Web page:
Happy Fiscal Cliff Eve!
The situation in Washington regarding the so-called fiscal cliff might have changed by the time you read this post, but HERE‘s one interesting angle that pertains at this writing:
To many Americans, what’s going on in Washington looks like a circus show that isn’t the least bit entertaining — the nation’s leaders seemingly unable to come up with a deal that keeps most people from paying higher taxes.
But there is a logic to it. For all the posturing of the last few weeks, both sides see a measure of political upside in going over the “fiscal cliff” — or, at the least, an advantage in waiting until the last minute, since they want to avoid drawing the ire of their most loyal supporters by appearing to cave too quickly.
For both parties, there are some logical incentives to go over the cliff.
Democrats are fresh off electoral victory in November and fighting a reputation that they too easily give ground. The way they see it, they’ll get what they want no matter what. Either they get a deal that includes tax increases on the wealthy or they go over the cliff. At that point, taxes would go up for everyone, and the Democrats would immediately move to cut rates for all but the wealthy.
They may, in fact, get more of what they want by waiting. As of late Sunday, for instance, Democrats appeared willing to agree to raise rates only for those making more than $400,000. But if they go over the cliff, Democrats would have less need to negotiate and could seek to set that number at $250,000, their original goal.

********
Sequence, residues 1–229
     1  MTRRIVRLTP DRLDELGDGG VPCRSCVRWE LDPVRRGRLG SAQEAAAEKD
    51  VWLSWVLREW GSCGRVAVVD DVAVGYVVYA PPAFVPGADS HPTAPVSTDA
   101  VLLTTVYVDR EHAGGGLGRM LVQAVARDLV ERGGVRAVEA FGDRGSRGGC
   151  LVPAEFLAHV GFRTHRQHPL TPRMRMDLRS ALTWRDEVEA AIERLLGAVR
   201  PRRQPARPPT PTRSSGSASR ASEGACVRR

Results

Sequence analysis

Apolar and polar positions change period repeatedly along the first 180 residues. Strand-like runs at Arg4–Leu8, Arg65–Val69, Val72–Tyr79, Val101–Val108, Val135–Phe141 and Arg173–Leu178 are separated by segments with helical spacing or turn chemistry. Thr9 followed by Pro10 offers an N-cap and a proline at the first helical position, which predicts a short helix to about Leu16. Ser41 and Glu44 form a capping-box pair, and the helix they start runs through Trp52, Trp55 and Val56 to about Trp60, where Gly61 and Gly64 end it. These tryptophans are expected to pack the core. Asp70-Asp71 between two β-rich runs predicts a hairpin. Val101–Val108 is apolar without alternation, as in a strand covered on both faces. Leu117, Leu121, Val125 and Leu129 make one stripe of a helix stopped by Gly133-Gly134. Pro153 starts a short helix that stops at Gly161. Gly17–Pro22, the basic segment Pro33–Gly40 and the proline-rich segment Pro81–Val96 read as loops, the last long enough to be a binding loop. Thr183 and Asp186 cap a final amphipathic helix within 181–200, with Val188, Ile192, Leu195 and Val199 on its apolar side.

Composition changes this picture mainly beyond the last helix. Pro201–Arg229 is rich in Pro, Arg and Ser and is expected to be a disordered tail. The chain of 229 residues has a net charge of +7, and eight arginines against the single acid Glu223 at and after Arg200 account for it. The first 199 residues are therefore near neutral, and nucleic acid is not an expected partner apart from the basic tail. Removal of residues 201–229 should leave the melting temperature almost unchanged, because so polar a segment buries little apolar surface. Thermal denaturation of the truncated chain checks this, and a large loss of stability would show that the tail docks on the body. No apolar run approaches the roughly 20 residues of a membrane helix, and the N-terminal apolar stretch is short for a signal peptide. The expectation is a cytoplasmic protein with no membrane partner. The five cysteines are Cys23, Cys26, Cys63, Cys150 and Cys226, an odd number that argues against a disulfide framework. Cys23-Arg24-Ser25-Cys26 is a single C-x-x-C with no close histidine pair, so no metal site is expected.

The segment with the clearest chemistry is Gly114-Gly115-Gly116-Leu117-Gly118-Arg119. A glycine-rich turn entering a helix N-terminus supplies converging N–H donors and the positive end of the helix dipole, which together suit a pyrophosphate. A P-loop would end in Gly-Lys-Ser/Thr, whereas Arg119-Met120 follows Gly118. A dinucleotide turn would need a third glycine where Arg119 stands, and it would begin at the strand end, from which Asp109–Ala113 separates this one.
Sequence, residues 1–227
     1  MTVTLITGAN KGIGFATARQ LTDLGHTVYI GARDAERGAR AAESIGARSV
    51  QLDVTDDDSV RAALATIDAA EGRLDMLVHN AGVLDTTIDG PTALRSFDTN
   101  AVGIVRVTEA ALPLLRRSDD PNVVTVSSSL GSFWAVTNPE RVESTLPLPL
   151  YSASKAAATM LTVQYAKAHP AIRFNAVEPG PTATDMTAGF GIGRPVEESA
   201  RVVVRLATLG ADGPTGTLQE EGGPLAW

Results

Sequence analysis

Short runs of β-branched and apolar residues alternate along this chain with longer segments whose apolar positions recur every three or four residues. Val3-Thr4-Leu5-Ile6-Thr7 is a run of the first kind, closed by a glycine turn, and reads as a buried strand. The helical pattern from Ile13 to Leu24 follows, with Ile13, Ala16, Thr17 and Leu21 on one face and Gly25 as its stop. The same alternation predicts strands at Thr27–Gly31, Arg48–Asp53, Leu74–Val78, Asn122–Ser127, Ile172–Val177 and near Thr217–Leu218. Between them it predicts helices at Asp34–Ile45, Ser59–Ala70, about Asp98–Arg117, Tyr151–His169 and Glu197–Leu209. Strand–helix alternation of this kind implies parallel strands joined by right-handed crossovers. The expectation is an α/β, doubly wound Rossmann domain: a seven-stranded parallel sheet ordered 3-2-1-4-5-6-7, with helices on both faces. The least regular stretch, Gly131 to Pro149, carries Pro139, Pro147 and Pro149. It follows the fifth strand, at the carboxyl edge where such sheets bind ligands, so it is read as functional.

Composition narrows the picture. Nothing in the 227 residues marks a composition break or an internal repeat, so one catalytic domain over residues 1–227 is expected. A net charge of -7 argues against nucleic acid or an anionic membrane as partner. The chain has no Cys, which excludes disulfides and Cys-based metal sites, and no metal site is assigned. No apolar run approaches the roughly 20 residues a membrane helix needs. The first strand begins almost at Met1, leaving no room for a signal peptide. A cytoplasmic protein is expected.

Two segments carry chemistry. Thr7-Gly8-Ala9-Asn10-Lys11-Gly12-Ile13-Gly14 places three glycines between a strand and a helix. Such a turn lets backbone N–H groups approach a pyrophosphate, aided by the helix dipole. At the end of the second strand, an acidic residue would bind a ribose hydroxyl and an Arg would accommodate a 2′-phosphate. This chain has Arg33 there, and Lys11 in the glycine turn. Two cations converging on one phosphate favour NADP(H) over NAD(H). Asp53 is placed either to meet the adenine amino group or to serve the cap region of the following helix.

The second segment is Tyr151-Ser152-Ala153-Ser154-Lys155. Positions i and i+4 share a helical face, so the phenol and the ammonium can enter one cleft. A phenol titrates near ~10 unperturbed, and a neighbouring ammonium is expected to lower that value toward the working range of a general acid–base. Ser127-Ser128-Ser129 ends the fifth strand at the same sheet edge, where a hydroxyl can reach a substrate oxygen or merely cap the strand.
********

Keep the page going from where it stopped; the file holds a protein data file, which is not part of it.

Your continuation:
Republicans, who control the House and still maintain a good bit of power in Washington, also see the merits of going over the cliff.
Not voting for a deal means not voting for a tax increase, which has been a central tenet of the party for more than two decades. Many Republican lawmakers are loath to give up their purity on the issue, in part because they are more concerned about a primary challenge than their standing in national opinion polls.
If they go over the cliff, they, too, could quickly move to cut taxes. In the meantime, they would seek to blame President Obama and other Democrats for the largest tax increase in generations.
Many Republicans also believe they can get a better deal with Democrats in an upcoming debate over the nation’s debt limit. In about two months, the government will no longer be able to pay its bills unless Congress takes action to raise the limit on federal borrowing. Many in the GOP think that deadline gives them the upper hand.